Professor Hyde discussed his book Trickster Makes This World: Mischief, Myth and Art, which examines the “Trickster” myth in several world cultures and mythologies and how they have furthered society and culture through their action.
"A trickster is almost always an apparently low character who outwits the high and the mighty; but in the process, he frequently overreaches himself and outwits himself, and gets caught in his own traps. In the Old World, the trickster is usually a human figure, maybe even a god or a giant. But in the New World and Africa, the trickster is usually associated with an animal that can assume human form.
The trickster is always on the move and is associated with doorways, crossroads, and boundary markers. He is frequently a messenger between heaven, earth, and the underworld. He is motivated by his appetites for food and sex, which he attempts to satisfy through deceit rather than hard work. His tricks often succeed, but the trickster is also frequently a buffoon, overreaching and getting caught in his own schemes. Further, he is a culture hero, assisting in creation or organizing the elements of creation into forms—either positive or negative—that define how humans live.
All these qualities are illustrated by the trickster cycle of the Winnebago people, which begins with the trickster violating taboos involved with going on the warpath. In a series of adventures, he causes harm to himself (eating part of his own intestines, consuming a laxative plant, and so on) and fails to duplicate the hunting techniques of other animals but gets his family fed anyway. At the end of the cycle, he gives over his mischief and clears the Mississippi of obstacles, then apparently goes to heaven. Paul Radin, who collected this cycle, sees it as a fable about the first half of life, in which an infantile being gradually becomes a socially responsible one. Other scholars disagree with Radin. Some have pointed out that whatever he does, the trickster is an endearing character:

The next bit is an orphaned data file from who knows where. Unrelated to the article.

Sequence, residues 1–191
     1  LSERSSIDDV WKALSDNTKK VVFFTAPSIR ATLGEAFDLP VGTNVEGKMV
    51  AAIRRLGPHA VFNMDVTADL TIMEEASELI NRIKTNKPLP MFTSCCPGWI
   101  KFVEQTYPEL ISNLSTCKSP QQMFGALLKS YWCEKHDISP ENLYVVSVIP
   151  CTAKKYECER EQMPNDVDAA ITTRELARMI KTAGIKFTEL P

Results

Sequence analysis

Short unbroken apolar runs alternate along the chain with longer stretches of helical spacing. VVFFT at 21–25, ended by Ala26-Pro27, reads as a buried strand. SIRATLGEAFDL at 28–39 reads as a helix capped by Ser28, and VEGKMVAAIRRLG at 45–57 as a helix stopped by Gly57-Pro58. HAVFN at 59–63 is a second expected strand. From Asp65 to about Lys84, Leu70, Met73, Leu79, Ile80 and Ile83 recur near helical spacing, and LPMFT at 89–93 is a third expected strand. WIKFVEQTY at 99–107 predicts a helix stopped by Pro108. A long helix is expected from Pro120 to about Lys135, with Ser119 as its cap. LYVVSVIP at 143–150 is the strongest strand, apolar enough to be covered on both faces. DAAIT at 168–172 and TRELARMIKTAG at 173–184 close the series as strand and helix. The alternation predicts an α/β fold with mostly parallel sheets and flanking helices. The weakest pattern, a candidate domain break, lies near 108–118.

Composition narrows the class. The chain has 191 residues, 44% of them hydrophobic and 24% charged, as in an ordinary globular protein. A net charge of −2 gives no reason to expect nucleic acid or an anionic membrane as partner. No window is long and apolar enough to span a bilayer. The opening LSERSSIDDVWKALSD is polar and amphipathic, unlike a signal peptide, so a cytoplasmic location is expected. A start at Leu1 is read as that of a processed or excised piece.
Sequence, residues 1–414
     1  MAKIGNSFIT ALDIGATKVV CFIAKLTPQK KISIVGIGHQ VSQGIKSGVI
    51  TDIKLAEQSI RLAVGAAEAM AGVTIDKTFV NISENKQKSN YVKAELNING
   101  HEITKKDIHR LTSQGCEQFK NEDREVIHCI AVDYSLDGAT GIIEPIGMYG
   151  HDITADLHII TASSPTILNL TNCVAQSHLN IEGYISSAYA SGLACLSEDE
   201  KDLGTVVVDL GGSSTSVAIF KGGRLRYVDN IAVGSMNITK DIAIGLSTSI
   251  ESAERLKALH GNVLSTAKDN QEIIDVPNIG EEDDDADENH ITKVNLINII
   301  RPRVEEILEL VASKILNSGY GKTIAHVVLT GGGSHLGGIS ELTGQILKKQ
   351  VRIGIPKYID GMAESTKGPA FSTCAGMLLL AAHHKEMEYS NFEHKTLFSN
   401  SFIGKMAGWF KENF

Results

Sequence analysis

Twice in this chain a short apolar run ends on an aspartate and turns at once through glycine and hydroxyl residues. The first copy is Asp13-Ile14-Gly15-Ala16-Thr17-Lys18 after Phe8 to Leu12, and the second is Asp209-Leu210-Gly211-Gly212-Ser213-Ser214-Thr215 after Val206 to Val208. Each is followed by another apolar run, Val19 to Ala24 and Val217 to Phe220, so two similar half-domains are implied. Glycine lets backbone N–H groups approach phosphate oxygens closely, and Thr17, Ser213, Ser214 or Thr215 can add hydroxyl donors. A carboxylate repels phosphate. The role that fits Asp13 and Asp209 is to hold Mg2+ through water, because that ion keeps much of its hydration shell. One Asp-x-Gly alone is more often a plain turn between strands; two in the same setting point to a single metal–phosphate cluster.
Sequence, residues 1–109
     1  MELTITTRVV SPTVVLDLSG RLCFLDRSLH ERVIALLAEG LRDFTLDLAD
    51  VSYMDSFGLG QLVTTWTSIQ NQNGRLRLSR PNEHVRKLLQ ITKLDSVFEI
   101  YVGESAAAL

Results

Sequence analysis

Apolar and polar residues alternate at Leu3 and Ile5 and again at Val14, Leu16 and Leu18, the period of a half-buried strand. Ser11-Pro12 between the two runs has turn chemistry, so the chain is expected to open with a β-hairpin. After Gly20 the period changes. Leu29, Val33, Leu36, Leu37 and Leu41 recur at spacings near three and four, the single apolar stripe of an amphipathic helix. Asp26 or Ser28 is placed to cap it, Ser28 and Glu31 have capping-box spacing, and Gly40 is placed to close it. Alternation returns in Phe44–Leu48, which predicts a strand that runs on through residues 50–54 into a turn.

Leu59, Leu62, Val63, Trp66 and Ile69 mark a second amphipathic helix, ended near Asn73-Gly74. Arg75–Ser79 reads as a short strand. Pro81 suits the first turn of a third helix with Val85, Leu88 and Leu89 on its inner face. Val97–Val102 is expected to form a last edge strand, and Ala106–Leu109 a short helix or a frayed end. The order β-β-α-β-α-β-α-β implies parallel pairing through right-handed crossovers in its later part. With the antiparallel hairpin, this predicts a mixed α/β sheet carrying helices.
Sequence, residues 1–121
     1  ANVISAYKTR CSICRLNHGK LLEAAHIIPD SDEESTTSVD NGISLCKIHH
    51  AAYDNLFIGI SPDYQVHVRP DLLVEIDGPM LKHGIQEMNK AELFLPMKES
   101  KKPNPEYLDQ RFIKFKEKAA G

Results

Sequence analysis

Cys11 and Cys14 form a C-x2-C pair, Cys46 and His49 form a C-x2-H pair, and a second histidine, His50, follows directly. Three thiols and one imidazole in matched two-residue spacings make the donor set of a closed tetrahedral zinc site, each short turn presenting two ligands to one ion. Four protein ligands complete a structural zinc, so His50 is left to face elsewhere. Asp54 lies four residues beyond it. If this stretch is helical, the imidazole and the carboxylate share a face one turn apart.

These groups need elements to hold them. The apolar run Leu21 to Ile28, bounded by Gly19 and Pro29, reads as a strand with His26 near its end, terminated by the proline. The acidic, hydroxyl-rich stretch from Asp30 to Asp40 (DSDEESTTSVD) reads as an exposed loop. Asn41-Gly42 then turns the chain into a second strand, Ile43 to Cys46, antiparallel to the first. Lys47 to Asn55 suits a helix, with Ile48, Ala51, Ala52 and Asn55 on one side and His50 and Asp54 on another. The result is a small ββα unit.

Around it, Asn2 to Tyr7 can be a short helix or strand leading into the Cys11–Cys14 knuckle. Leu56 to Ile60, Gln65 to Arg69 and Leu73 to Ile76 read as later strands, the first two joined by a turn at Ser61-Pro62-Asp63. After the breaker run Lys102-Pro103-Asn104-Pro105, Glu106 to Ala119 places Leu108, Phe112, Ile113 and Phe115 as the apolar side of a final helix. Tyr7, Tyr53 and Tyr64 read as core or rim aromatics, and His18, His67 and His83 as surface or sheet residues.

Parents tell their children trickster stories without moralizing them. The trickster might also represent infantile aspects of the self that are repressed but never overcome. Others have suggested that the trickster represents a delicate balancing act between creativity and destructiveness, making him both a revolutionary and a cultural savior. Still others—notably the French anthropologist Claude Lévi-Strauss—have argued that the trickster is a mediator between mutually incompatible positions: He can indulge his appetites without damaging the social fabric, allowing us to have our cake and eat it, too. It has also been suggested that he breaks down and intermingles all categories, creating new combinations, like a court jester or clown.
It has further been argued that in every culture, the trickster represents a liminal state—between here and there, right and wrong, culturally approved and disapproved. The trickster can break or invert social rules, mistreat guests, have sexual relations with taboo relatives, and defy sacred authority in order to move all those boundaries for his entire culture. Beyond all that, the trickster always teaches that no social order is absolute and objective. The anomalous is always excluded in classifying systems, and the trickster works in spaces between categories: male and female, good and evil, approved and disapproved, re-creating culture in the process."
~ Grant L. Voth in Myth in Human History (TTC)